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One of the most serious English Sparkling producers. This historic estate has been in the Goring family since 1743. The tiny 16-acre vineyard is close-planted on a steep south-facing chalk escarpment described as 'similar to the Côte des Blancs' in Champagne. The fruit is picked very selectively with quality being the absolute focus. The grapes are pressed gently using a traditional Coquard press. After three years on the lees this wine, composed of 45% Pinot Noir, 33% Chardonnay & 22% Pinot Meunier, is hand disgorged and balanced with a minimal dosage of just 4g/L. It has a fine counterbalance between toasty richness and power from the wines élevage in Burgundian French Oak barrels, with racy acidity, tension and a focused chalky minerality.

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Entries in Blanc de Blancs (11)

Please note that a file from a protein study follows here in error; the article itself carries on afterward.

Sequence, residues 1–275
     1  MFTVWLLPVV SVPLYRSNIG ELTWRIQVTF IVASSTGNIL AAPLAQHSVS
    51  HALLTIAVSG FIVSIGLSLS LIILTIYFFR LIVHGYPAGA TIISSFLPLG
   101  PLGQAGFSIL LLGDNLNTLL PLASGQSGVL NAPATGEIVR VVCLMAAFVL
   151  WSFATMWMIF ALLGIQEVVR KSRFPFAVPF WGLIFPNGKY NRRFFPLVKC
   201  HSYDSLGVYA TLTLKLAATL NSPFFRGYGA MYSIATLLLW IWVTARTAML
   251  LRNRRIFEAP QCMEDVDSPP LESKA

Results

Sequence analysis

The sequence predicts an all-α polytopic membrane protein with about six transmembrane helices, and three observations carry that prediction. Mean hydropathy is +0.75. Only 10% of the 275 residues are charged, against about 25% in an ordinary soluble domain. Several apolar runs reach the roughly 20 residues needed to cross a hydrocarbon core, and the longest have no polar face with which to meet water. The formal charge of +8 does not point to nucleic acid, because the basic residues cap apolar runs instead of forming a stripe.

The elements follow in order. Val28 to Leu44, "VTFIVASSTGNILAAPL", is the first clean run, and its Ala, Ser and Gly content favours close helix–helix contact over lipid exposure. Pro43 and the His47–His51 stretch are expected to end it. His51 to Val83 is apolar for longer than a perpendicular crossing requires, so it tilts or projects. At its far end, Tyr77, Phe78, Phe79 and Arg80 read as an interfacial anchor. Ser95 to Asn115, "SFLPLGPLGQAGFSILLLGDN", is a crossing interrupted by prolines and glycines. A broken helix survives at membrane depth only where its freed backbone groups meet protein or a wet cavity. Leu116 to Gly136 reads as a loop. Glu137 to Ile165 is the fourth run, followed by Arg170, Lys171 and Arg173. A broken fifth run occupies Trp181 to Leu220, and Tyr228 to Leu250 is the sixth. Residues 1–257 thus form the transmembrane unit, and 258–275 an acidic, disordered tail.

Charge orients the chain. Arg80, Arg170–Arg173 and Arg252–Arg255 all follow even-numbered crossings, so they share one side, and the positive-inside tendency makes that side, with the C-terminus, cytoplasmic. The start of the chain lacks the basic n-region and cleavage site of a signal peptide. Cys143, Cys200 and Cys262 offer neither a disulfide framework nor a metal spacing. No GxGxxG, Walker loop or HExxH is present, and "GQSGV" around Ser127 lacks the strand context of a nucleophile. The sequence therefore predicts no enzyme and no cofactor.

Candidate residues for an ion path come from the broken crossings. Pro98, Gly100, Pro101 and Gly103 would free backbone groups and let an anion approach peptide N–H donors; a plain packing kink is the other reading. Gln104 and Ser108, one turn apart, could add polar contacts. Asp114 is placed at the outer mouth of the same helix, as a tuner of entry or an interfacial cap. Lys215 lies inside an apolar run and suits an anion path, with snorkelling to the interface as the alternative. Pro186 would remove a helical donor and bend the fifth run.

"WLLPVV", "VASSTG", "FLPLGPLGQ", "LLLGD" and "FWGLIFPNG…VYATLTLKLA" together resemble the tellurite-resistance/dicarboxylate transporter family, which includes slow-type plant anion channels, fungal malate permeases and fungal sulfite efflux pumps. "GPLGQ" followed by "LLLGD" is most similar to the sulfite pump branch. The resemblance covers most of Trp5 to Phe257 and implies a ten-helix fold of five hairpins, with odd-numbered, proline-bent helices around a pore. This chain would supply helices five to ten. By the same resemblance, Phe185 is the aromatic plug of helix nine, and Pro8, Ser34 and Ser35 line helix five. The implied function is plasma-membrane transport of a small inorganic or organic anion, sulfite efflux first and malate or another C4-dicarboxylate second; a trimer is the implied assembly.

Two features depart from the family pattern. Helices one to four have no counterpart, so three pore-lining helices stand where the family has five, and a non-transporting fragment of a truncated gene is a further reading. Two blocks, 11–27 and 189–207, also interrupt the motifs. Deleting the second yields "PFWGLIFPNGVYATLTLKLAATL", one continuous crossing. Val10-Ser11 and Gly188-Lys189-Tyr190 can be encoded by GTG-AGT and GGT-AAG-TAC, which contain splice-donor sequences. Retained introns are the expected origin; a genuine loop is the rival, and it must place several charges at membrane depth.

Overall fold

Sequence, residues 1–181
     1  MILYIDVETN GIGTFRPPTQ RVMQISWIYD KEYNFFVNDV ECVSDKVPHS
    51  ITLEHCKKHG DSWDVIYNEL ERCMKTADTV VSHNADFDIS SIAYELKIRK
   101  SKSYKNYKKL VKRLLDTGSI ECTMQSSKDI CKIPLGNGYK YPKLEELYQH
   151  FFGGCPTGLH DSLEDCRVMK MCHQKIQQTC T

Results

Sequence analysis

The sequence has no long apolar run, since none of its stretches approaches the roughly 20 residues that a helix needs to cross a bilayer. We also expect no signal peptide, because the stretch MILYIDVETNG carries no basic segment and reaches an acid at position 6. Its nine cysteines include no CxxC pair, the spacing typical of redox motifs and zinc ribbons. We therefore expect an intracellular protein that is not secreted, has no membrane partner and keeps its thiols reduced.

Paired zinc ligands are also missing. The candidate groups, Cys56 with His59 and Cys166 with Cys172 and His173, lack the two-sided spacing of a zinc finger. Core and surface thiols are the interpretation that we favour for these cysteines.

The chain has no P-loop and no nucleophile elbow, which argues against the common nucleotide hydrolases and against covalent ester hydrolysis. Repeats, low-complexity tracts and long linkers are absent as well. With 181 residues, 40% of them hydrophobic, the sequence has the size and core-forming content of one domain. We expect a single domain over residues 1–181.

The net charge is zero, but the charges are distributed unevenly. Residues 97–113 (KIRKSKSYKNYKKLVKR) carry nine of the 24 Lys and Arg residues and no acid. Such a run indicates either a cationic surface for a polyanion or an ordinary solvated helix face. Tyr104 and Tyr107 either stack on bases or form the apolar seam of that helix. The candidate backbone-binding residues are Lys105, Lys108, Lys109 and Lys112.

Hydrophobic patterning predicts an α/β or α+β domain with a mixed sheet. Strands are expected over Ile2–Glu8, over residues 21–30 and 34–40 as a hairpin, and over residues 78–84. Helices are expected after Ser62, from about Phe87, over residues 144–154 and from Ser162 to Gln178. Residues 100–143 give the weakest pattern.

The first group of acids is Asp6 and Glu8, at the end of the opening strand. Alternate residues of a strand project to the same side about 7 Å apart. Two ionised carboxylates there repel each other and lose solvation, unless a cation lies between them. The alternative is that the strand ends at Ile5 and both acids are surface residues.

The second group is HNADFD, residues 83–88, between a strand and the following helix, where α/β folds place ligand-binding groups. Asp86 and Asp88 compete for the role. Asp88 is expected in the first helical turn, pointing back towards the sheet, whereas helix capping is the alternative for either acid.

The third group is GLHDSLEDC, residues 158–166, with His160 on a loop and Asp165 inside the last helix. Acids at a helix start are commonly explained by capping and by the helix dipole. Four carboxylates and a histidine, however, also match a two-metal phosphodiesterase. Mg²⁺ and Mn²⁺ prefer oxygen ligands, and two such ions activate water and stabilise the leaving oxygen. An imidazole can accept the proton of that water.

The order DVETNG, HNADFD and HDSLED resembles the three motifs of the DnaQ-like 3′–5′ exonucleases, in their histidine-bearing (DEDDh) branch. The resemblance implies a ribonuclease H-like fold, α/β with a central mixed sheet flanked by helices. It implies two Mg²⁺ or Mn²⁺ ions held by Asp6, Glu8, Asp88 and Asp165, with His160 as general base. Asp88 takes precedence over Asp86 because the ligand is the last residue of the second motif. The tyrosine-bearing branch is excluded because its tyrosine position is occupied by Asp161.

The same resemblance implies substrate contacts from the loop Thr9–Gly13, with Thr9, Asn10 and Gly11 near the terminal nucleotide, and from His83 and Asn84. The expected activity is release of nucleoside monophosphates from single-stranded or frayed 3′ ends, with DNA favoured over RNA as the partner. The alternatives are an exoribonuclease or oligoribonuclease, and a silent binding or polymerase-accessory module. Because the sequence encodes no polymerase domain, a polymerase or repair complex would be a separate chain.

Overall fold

Friday
Aug242012

Champagne Friday: Pairing Champagne and Fish

By: Gary Westby | K&L Champagne Buyer

Champagne Dinner at the Fish Market

Nothing is more fun for a Champagne fan than to create a whole menu to pair with our favorite bubbles. I have enjoyed dinners like this with many of you, sometimes even at your homes! Last week I dreamed up a salmon-themed menu at home to go with older Champagne for the K&L Champagne team of Scotty, Mari & Kyle. This week, I put together a paired dinner with my friend Henry Hiatt at the Palo Alto Fish Market and it was a great success. I hope that next week I can encourage all of you Champagne fans to do the same on a big or small scale, and share a picture or two with me.

There are a few guiding principles to pairing Champagne, but that being said, it is one of the best wines on the planet for its ease of pairing, and there are very few pitfalls when combining Champagne with food. This is in stark contrast to the two most popular categories of still wine at K&L: rich Cabernet (which only really goes with steak) and rich, oaky Chardonnay (which I am still looking for a pairing for- my old colleague used to joke that cigarettes were the pairing).